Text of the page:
Chill out! I love this one - if you cook and chill a starch based dish [mac and cheese, cottage pie, spag bol etc] this will initiate a reaction converting some of the carbs into 'resistant starch', which lowers the GI value of the dish. And when you reheat, that can lower it even further [one trial at University of Surrey says up to 50%, but James stresses that was a small trial] I love to batch cook - and we have always felt that 'second day casserole' tastes better. Now we know why.
This is such a long post, sorry! and I couldn't share all his ideas here - or the 80+ recipes for sauces, salads and sundaes, desserts, drinks and donuts. [I forgot to mention that he sweetens things with baking blend Stevia, the plant based alternative to regular sugar] For a newbie gardener like me it is a fabulous book- I have grown these veg, and now I can better prepare them for more nutritious meals. 
Lots of information, lots of ideas, not just for fruit and veg but also grains, beans and pulses - and finally "tea, coffee, chocolate and booze"!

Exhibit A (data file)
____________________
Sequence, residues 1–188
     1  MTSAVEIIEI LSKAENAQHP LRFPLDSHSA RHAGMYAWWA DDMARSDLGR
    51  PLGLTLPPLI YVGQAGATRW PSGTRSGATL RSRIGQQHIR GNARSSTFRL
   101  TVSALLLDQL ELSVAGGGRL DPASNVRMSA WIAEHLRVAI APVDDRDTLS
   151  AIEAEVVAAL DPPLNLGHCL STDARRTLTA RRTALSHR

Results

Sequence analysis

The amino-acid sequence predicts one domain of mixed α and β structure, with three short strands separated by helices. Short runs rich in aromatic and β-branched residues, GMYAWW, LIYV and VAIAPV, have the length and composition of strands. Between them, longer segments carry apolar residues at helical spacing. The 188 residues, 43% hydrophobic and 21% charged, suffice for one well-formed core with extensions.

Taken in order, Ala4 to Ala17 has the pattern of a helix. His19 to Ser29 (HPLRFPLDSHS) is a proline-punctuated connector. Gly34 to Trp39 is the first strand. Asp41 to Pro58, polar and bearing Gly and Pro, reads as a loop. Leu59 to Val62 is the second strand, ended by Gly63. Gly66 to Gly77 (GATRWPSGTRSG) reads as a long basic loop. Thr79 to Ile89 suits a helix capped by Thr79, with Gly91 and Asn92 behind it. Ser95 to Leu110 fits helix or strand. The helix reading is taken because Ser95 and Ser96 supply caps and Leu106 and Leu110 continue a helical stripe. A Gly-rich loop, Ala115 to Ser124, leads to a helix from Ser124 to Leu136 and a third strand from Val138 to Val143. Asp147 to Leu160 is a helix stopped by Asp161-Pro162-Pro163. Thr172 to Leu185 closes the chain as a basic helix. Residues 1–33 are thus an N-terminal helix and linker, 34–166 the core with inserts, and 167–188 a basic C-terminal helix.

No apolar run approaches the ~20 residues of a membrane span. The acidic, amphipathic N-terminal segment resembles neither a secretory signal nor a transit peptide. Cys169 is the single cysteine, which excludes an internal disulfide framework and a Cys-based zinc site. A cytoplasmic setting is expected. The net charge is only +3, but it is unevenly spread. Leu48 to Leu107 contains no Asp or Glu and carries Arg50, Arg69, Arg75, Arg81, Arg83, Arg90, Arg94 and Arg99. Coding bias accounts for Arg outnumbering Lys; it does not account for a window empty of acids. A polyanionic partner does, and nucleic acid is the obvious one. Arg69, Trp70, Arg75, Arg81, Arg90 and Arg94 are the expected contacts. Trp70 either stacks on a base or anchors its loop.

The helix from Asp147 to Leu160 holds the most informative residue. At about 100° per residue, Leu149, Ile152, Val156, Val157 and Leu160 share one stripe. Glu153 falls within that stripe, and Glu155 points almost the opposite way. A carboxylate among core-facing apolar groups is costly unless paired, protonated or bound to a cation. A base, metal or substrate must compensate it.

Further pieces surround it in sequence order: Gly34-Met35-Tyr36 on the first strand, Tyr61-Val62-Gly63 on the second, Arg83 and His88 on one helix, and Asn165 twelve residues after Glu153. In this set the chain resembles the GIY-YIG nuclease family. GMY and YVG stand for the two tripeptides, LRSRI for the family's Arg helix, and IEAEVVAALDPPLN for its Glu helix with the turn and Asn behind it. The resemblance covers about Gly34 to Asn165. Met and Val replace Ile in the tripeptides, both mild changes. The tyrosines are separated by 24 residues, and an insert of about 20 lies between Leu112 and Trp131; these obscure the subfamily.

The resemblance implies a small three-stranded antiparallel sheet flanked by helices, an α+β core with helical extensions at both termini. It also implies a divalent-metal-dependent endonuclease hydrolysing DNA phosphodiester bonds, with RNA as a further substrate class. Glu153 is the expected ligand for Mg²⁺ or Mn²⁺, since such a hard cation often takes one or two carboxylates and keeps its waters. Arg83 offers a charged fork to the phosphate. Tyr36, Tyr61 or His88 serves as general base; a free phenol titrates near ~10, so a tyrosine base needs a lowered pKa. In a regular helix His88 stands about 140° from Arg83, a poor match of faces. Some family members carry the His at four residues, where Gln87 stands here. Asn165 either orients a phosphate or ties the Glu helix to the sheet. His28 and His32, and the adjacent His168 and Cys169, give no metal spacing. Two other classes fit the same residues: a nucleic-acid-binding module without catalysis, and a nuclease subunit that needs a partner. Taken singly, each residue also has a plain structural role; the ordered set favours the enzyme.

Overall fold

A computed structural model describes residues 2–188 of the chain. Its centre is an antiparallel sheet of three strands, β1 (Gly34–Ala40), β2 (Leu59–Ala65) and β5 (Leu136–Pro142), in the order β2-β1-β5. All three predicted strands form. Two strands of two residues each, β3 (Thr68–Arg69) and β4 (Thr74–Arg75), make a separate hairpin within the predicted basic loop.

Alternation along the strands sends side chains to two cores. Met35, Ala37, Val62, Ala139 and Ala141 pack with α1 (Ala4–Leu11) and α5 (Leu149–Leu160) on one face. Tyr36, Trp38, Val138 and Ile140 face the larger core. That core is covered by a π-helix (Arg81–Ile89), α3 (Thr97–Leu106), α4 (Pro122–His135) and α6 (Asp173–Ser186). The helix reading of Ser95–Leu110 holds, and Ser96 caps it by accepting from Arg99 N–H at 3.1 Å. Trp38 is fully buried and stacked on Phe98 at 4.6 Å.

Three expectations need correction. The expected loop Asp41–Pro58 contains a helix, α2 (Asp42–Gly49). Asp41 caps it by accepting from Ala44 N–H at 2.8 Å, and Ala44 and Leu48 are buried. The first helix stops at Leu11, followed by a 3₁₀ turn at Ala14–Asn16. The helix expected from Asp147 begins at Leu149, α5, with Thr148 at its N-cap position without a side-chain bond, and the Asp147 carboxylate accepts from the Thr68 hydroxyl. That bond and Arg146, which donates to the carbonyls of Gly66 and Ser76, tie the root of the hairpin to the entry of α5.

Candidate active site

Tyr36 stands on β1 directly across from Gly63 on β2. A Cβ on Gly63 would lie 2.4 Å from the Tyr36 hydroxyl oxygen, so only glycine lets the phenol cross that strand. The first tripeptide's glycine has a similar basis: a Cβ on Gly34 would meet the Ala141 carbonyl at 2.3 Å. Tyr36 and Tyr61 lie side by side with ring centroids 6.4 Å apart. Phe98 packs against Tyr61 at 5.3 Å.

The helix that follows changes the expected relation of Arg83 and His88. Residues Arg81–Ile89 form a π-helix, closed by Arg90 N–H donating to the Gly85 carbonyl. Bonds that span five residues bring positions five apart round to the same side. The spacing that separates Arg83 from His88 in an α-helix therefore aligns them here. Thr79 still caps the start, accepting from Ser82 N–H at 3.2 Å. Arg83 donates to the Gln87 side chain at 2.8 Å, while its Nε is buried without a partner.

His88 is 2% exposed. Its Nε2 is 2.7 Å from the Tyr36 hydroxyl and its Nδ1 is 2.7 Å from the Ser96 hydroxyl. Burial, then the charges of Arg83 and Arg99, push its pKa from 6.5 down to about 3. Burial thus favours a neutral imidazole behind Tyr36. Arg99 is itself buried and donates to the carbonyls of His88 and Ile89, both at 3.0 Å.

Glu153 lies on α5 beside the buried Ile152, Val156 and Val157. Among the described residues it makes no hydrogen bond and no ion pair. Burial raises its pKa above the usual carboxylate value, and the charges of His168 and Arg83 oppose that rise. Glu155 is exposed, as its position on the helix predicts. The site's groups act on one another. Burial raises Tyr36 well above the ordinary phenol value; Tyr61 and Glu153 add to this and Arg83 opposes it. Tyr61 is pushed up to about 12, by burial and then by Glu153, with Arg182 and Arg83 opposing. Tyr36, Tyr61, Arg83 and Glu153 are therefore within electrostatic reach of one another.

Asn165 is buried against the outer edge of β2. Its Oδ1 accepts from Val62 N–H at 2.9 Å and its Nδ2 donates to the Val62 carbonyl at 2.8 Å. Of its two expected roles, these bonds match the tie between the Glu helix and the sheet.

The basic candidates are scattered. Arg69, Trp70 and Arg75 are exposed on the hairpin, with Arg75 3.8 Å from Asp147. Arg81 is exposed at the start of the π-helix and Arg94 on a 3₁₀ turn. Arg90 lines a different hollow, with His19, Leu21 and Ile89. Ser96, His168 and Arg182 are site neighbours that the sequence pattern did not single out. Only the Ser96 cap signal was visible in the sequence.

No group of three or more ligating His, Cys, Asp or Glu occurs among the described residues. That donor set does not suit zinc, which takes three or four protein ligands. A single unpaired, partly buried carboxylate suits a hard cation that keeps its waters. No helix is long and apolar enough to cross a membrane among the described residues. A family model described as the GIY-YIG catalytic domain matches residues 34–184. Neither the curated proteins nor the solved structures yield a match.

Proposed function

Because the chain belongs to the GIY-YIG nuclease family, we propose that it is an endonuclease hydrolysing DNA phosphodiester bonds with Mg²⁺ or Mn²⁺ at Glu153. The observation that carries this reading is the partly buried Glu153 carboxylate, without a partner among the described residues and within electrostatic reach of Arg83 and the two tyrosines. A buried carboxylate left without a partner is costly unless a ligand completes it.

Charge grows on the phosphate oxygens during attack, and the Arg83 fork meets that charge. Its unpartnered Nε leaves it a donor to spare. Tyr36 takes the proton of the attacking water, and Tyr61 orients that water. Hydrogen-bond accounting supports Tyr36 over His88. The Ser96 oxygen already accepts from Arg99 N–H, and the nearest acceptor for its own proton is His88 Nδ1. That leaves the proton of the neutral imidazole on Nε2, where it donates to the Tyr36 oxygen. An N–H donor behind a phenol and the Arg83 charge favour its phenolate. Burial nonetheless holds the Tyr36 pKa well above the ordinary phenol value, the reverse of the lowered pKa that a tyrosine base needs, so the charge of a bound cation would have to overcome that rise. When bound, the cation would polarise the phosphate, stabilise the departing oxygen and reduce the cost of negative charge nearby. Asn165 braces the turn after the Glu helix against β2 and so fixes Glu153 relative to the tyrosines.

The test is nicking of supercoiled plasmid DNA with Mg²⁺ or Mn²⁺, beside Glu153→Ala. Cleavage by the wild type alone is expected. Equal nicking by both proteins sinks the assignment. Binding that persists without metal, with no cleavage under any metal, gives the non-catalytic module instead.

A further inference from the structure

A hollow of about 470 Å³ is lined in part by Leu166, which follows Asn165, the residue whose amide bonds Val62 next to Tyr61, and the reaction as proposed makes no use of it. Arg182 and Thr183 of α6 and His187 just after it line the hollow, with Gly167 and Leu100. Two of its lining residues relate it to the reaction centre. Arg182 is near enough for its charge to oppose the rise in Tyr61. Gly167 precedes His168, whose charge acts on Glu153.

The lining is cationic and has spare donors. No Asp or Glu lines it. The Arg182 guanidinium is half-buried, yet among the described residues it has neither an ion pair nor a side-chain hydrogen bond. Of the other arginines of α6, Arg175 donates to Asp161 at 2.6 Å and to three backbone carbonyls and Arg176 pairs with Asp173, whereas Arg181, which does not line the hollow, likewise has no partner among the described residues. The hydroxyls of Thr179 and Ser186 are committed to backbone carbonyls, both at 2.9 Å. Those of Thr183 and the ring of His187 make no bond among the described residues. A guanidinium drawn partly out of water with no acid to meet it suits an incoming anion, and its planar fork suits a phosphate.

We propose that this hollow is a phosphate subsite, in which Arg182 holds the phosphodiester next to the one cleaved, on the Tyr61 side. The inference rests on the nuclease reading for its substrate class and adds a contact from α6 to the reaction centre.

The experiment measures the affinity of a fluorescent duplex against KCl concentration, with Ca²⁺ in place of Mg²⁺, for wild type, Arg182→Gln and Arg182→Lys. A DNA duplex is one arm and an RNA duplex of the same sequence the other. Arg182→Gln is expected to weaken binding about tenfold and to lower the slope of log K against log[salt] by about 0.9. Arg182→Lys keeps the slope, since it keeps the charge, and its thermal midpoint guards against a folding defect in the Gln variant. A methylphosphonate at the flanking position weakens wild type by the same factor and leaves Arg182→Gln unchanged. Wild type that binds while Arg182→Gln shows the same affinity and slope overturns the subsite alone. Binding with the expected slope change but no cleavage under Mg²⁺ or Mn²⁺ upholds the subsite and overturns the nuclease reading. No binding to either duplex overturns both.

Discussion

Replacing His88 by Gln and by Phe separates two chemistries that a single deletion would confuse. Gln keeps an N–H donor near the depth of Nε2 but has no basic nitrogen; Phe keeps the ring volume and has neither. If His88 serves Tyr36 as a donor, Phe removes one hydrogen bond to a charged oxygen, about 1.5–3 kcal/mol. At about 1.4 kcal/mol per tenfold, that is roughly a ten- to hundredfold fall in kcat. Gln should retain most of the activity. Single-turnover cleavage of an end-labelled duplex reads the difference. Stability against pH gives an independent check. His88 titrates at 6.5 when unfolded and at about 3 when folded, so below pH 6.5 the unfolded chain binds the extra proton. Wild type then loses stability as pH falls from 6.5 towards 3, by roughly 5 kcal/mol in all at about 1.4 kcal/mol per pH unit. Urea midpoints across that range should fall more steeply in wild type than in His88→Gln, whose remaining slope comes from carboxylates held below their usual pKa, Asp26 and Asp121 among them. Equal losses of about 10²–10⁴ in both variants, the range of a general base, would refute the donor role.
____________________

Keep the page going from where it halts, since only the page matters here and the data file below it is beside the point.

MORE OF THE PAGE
I am in no way decrying CVTs warning about UPFs [the man maybe a Zealot but much of what he says is true, and somewhat disturbing] - but I have found this book a delightful counterbalance with inspiring ways to ensure that even my 'common or garden' veg crop can be extra nutritious.He's honest about his lapses [he admits to loving eating canned peaches in syrup straight from the tin - even though he knows they have lost half their polyphenols and are loaded with extra sugar] 
And the book is so attractive and colourful. Yes, I know that our bodies will excrete superfluous vitamins - I cannot eat 7 oranges on Sunday and consider that my week's worth of Vit C sorted. But I also know that the school dinner cabbage boiled for hours was neither tasty nor particularly nutritious. 
I'm not going overboard with his ideas. Our village has a problem with flies - so food on countertops needs monitoring carefully. But I will chop the onions first, and cut my salad leaves more, and be more mindful of my choices with fruit and veg. It may not make much of a difference, but every little helps [and I do want to try the donut recipe] 
James Wong's "How to Eat Better" definitely gets *****
Borrow it from the library and see what you think!